HOT TOPICS–FREE SPEECH IN SCHOOLS|
Tinker v. Des Moines Independent Community School District
In Tinker v. Des Moines, the United States Supreme Court decided a case where school regulations infringed on the freedom of students to exercise their First Amendment rights. There, three students had planned to wear black armbands to school to publicize their objections to the Vietnam War. Hearing of this, the school principals "adopted a policy that any student wearing an armband to school would be asked to remove it, and if he refused he would be suspended until he returned without the armband." When the three wore their armbands to school, "[t]hey were all sent home and suspended from school until they would come back without their armbands."
The students then filed a complaint praying for an injunction restraining the school officials and the members of the board of directors of the school district from disciplining the students, and seeking nominal damages.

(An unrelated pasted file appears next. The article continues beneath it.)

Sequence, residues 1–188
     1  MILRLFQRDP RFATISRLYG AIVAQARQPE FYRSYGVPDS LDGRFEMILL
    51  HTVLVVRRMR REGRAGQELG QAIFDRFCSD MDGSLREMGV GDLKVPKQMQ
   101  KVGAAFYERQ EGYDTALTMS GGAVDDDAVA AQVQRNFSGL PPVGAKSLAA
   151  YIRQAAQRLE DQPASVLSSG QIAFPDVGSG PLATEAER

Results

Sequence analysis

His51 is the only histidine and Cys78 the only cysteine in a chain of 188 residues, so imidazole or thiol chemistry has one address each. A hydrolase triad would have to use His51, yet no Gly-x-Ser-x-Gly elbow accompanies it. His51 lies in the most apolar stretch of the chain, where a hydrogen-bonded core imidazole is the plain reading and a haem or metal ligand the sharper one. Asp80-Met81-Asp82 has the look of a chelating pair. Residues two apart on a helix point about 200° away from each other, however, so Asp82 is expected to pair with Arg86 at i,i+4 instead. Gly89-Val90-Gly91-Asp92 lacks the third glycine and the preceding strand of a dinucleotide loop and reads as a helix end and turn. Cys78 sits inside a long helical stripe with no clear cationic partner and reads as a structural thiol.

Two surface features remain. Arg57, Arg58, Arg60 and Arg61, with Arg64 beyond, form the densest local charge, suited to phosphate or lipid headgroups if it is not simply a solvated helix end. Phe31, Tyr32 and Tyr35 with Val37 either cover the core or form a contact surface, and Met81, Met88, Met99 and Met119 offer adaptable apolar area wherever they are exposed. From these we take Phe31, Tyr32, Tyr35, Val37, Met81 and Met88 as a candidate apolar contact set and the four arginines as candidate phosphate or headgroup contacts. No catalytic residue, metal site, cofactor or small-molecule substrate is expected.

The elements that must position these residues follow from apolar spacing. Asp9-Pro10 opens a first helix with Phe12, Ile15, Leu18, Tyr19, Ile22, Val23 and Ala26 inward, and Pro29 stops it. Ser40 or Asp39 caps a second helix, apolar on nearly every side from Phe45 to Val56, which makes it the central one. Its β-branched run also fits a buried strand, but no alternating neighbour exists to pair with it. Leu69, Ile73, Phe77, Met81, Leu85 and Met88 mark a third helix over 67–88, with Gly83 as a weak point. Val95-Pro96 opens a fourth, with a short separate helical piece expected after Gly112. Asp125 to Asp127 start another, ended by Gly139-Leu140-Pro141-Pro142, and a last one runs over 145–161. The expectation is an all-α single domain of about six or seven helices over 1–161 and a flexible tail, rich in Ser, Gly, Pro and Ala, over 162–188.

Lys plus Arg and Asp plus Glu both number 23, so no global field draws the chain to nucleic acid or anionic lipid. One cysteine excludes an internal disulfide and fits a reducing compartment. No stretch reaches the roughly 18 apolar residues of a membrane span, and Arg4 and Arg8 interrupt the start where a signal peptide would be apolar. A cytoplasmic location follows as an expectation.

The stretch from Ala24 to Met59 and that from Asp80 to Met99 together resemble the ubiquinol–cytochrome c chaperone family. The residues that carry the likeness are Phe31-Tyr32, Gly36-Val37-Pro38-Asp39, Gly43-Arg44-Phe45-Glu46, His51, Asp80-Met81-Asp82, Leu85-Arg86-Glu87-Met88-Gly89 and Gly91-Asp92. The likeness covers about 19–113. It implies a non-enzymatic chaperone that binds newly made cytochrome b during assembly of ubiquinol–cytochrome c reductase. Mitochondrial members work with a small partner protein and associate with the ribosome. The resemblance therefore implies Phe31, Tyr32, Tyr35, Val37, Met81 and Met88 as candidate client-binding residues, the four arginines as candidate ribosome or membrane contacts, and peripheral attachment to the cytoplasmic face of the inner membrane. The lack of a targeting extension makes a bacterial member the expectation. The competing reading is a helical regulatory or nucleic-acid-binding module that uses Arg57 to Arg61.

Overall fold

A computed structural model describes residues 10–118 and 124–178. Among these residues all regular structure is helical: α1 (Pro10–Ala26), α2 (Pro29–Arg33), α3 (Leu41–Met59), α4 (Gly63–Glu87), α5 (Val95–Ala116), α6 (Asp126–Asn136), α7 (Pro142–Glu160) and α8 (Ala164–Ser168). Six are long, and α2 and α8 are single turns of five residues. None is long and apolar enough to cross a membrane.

Free Speech v. School Regulations
Within the public school context, the Court noted that the "Fourteenth Amendment . . . protects the citizen against the State itself and all of its creatures - Boards of Education not excepted." Teachers and students did not "shed their constitutional rights to freedom of speech or expression at the schoolhouse gate."
However, the Court admitted that the school setting presented a special situation, and recognized "the need for affirming the comprehensive authority of the States and of school officials, consistent with fundamental constitutional safeguards, to prescribe and control conduct in the schools."
The Court noted that the students' protest was a silent, passive expression of opinion which